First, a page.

He told Sky News: “That is the goal, to completely take over the power of government in Germany, so to speak. But only if the people want it. If they don’t want it, then let them keep what they seem to be happy with.”
With the Kingdom’s membership only growing, and their efforts to purchase more land across Germany has raised the government’s eyebrows. Despite some accusing the group of attempting to infiltrate society, they were not involved in the December arrests, and leader King Peter denies that any members of his group would support violence.
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“We are perhaps a threat to the system, because we want to create the common good, because we want to create freedom…and we question the instruments of domination that we have today…we question this legal system of the Federal Republic because it is a system of domination and not a system of freedom.”
Despite “Reichsburger” groups often being regarded as crackpots, the failed coup plot in December demonstrates they should be taken seriously as a danger for the domestic spy chief.
Around 2300 members (10%) are believed to be violent. Nicholas Potter, a journalist and researcher at the Amadeu Antonio Foundation in Berlin which monitors right-wing extremism, racism and antisemitism said: “The Reichsburger plot in December 2022 could have led to a bloodbath at the Bundestag.
“The reality shows that the Reichsburger ideology is ultra-nationalist, antisemitic and driven by far-right conspiracy myths – and that it frequently results in violence, shootouts with authorities, or recently, plots to kidnap ministers or storm the Bundestag.”
However fringe groups are not the only ones raising eyebrows. “Alternative for Germany” (AfD), a right wing party, has 78 seats in parliament, which looks set to grow as their support soars.
German newspaper BILD’s recent poll found that the AfD is the second strongest political party in Germany, only trailing behind the ruling Social Democrats. According to the poll 19.5% of those surveyed support the party, whole 28.5% of Germans could see themselves voting for the party.
Haldenwang said his office will point their metaphorical magnifying glass in the direction of the AfD in 2023 due to a gradual radicalisation with over 10,000 members being considered right-wing extremists.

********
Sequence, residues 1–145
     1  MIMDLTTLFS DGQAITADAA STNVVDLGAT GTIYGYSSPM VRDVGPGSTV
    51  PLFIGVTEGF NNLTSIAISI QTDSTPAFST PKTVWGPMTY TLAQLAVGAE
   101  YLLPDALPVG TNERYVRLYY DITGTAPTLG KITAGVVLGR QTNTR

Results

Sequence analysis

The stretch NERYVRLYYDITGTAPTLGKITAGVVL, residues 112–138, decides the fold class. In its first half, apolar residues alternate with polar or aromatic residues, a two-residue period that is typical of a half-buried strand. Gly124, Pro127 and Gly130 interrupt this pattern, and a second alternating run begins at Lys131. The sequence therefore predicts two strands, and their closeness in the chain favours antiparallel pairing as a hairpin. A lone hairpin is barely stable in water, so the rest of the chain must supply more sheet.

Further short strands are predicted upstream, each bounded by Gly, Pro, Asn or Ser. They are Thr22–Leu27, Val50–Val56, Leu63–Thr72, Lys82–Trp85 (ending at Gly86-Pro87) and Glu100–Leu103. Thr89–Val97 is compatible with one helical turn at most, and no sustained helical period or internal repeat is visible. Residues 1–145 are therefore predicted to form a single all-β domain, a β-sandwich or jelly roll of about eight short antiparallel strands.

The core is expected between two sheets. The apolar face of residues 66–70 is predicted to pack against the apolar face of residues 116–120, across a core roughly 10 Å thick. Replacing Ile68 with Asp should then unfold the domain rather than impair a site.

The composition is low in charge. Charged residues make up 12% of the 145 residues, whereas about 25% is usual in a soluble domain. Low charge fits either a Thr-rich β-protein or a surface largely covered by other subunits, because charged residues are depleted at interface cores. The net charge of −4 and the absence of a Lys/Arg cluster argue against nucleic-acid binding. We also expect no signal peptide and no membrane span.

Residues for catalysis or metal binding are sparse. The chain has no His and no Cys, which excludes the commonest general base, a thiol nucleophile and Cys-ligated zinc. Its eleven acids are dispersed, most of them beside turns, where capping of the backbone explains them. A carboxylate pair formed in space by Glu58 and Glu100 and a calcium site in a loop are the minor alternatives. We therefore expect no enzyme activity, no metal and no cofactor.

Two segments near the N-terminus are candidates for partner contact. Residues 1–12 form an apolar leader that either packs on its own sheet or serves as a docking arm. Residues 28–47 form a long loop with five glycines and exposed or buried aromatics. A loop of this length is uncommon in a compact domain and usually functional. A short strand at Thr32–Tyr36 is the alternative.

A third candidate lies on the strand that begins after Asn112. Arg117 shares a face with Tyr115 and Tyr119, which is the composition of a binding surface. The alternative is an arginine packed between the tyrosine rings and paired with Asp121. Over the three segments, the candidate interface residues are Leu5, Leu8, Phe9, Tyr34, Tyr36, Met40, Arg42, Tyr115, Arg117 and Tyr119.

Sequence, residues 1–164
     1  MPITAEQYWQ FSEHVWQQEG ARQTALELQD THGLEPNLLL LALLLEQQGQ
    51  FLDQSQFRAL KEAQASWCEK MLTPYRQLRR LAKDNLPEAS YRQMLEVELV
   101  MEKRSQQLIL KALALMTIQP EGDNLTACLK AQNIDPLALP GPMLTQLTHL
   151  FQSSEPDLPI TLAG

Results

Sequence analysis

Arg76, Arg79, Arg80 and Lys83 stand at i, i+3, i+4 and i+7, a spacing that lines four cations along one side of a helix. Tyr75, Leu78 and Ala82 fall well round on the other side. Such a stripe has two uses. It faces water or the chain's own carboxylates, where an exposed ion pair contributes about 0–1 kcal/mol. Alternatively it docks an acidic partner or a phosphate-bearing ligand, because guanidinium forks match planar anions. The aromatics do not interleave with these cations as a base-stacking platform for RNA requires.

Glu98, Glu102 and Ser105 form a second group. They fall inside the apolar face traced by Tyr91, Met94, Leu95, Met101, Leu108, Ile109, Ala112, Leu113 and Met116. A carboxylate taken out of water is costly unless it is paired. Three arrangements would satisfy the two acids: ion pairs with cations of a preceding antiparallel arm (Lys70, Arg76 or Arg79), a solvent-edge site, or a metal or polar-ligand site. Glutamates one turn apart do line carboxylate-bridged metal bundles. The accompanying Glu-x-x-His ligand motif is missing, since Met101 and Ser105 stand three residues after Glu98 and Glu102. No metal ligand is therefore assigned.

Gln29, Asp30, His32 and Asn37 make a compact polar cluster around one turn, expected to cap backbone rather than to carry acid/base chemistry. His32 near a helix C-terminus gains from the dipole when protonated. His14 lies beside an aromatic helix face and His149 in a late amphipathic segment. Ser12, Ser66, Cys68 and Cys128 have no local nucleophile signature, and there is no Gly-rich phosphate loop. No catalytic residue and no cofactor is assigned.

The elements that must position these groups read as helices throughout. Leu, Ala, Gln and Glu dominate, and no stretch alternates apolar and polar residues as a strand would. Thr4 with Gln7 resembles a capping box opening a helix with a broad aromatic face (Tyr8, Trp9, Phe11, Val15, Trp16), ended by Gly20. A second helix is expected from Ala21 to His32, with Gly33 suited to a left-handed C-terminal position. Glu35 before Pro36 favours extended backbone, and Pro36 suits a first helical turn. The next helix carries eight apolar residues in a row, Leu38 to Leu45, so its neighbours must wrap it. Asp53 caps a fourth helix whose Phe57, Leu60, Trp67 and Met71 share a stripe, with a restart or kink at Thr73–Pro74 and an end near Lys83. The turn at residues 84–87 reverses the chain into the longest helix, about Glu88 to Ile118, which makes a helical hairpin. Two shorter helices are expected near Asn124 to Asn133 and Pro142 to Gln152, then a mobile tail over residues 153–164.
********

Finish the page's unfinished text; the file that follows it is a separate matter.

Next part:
The party is considered a “suspected threat” due to their far-right ideology, while their youth wing the “Junge Alternative” (“Young Alternative”), was considered a right-wing extremist group at the end of April 2023. The allegations have been rejected by both.
Mr Potter says: “The surge in support for the AfD is highly alarming. Since it initially entered the Bundestag in 2017, the party has continued to veer to the hard right, with its comparatively more moderate members leaving.
“The crises of previous years, from the COVID pandemic to Russia’s war in Ukraine and the ensuing energy crises, have given the AfD new opportunities to play on fear and spread hate.”
But Bjorn Hocke, the AfD’s regional leader in Thuringia and powerful figure on the hard right of the party disagreed at a rally in Erfurt. He has not been without controversy recently, having recently been charged over an alleged use of the Nazis’ SA stormtrooper slogan in a 2021 speech.
Mr Hocke vehemently denies that he and his party are a security risk in Germany.
“We are the opposite of dangerous, and we do not divide society…. We want to preserve Germany, that is our mission.
“The other parties want to more or less overcome Germany, to abolish it, and we don’t want that. And that is a normal reaction of a people that wants to have a future.”
However opponents concerns are only rising due to their hiking popularity among the middle classes.
A counter protest was launched a short distance away from the AfD rally, with signs and banners reading “Against Neo-Nazis” or “No room for fascists”.
A group of women dubbing themselves “Grannies against the Right” are holding placards reading: “Bjorn Hocke is a Nazi”.
Left-wing activist Loki says right-wing ideology has caused divisions in her family, which has caused the break down of her relationship with her father.
She thinks that the climb of the right is dividing her country in two.
“We have to take action now, we have to defend democracy here”, she says emotionally as she begins to shed a tear.